There is more to replacing windows than choosing the glass and the frame. Existing openings may need to be changed to accommodate new windows. Energy efficiency upgrades or stricter building codes may dictate which models you can choose from. Additional expenses required for carpentry may also determine whether you go with custom or standard window sizing. Either way, it's best to review the options and compare the final costs before making the decision to go with custom windows.
Deciding to Go Custom
When deciding to replace your windows, you must first determine whether you really need custom windows. If the openings are an irregular size, compare how much it will cost to make the hole bigger or smaller to accommodate a stock window. This is a better option if you're putting in a smaller window, but since it will still require patching, filling, and trimming or the services of a contractor, this option may cancel out any savings from buying off the shelf. If you're making the opening larger, you might have expensive adjustments to the load-bearing parts of the wall. In all, it's best to have a professional review the situation and give you an estimate so that you can really compare numbers.
Nonstandard sizing is not the only reason to go custom. Replacing existing windows that don't complement the design of your house is easier with custom windows that allow you to buy whatever style or shape you want. Upgrading to energy-efficient models is another great reason to opt for custom windows, especially if you are replacing a treasured signature window like a bow, bay, or oriel. Custom ordering allows you to determine the features and measurements you need.
Before you place your order be sure to check out different manufacturers. A size, option, or shape that is non-standard at one company may be standard at another, says Jeffrey Lowinski, vice president for technology marketing at the Window & Door Manufacturers Association. A third company may have a standard size you can use with minor modifications. "Shopping around to find a standard size that fits your opening may save you some money," Lowinski says. You may also want to see if using several standard windows, instead of a large custom one, works in your space.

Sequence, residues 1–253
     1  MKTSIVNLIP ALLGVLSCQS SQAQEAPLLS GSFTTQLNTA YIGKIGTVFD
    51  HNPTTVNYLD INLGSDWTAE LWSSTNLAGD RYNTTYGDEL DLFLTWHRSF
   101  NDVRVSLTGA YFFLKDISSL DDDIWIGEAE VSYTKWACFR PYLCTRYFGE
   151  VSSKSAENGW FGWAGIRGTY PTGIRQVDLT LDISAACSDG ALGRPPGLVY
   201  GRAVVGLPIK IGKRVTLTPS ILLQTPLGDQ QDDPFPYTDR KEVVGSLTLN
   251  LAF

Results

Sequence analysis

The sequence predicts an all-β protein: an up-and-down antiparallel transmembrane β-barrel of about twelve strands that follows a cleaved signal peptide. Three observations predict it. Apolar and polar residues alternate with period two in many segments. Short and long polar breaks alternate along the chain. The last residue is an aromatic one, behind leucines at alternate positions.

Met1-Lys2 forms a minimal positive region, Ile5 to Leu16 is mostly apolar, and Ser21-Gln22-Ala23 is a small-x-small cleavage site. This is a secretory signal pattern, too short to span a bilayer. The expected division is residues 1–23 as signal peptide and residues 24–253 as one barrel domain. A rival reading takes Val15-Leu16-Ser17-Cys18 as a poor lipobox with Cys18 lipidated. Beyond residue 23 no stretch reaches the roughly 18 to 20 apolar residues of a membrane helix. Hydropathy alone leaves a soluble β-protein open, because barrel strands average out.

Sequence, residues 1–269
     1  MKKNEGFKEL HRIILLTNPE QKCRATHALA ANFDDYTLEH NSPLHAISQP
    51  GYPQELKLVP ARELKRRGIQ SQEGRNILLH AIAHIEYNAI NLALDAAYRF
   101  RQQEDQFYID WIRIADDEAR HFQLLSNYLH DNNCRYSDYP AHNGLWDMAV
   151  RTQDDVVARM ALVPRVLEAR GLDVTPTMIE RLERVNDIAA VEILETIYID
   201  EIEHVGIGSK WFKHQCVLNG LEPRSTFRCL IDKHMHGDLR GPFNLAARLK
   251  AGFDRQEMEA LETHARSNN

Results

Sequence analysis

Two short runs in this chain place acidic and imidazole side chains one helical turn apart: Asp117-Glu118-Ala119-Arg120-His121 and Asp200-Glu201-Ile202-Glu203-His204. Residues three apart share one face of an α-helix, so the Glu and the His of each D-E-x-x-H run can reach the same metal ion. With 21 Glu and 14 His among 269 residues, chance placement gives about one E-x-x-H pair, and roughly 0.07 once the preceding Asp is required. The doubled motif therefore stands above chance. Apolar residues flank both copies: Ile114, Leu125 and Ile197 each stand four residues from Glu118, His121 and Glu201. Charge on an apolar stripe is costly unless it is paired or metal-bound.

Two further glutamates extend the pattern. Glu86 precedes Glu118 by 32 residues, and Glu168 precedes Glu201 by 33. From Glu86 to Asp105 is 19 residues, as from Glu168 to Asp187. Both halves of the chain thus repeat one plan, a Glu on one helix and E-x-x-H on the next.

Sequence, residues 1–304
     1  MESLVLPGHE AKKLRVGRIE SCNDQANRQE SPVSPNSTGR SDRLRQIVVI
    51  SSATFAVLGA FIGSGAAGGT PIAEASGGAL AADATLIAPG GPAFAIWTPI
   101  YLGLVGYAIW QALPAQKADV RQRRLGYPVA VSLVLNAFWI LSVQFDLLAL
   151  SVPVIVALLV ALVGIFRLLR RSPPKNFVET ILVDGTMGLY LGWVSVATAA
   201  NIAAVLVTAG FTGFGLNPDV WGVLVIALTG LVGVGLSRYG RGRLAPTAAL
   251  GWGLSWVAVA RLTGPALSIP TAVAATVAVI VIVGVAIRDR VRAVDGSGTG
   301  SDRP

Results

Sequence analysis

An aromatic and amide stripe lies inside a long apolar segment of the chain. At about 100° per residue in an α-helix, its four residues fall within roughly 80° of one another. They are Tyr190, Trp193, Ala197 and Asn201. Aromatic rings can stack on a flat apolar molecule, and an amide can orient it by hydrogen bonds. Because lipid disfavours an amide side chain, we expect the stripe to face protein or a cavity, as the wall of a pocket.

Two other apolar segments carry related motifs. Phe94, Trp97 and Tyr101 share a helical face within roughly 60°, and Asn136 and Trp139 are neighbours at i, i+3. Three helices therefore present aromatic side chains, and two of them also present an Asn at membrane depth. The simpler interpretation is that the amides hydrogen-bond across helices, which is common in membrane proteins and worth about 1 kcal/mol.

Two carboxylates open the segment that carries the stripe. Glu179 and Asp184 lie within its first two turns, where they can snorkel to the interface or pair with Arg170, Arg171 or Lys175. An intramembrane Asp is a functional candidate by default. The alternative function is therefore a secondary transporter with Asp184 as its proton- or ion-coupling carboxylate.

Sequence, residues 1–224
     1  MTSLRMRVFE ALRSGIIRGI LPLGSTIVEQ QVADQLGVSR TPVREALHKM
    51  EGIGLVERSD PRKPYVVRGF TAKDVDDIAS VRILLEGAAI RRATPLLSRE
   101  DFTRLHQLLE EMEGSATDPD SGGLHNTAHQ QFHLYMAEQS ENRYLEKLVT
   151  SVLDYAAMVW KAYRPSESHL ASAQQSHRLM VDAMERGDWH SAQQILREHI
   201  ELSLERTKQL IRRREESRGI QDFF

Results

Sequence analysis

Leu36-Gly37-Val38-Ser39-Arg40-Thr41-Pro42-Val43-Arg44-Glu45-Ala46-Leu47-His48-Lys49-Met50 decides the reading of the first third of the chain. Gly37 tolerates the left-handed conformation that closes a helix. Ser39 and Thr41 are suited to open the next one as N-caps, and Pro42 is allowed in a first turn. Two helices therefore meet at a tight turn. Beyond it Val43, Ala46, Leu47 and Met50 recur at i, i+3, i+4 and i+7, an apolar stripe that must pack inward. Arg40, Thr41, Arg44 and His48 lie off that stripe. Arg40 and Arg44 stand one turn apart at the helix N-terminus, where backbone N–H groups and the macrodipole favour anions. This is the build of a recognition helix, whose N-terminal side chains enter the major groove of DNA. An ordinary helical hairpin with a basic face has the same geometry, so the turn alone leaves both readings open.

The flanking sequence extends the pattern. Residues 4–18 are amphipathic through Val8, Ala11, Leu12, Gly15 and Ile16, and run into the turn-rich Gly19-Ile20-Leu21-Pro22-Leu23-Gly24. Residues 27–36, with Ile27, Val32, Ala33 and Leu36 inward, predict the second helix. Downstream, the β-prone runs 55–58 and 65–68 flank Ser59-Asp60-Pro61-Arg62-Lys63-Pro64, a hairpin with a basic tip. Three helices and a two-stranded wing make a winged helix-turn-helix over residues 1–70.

When ordering custom windows, make sure you have them made with the energy-efficiency and performance options best suited for your climate and region. Custom windows are generally available in the same materials as standard windows—vinyl, wood, aluminum, fiberglass or composite—and with the same options, including coatings, gases, impact resistance and light-transmittance values. Also, ask about the warranty: Most companies provide the same warranty on their custom windows as on their standard ones. The custom windows should also maintain the same performance ratings assigned by industry groups as the standard products.
Replacement Windows or New Windows
Once you've decided to go custom, you have several options. If the existing frame is in good condition, you may not have to replace the whole window; that can save you money and let you keep the same interior and exterior trims and appearance. You might be able to just order custom panes, unless they're glued into the frame or you want to upgrade to a thicker glass. The next cheapest option is to order a custom sash—the removable glazing and support—if it's compatible with the old frame. You can also order a custom replacement window, which is a new unit held together with a thin frame that's inserted into the existing frame. The most expensive option is replacing the entire unit with a new window, including the frame, sash, and trims.
There's a good chance your custom windows will cost more and take longer to order than standard ones. "Generally you will pay a premium for a custom-sized product," says John Lewis, technical director of the 400-member American Architectural Manufacturers Association. Still, it depends on the manufacturer and the flexibility of its equipment. Many companies do "just-in-time production," which means they don't make anything until they have a specific order. At these factories there may be little cost difference between standard and custom windows, and the price per unit will be the same whether they make one window or 50. However, at a company that has to set up the equipment to make a specific window, you might be able to negotiate a cheaper per-unit price by ordering a greater number. If that's the case and you plan to replace more of the same windows in the future, it might be cheaper to order them all at once.
Measuring and Installing
Unless you really know what you're doing, it's best to let an expert do the measuring before ordering your custom windows. "That's a fatal error right there if you mis-measure the openings," Lewis says. And once they're made, you want to make sure they're installed right. You can have the best, most expensive custom windows, but you will have wasted your money if they leak air or water, so make sure to have them professionally measured and installed.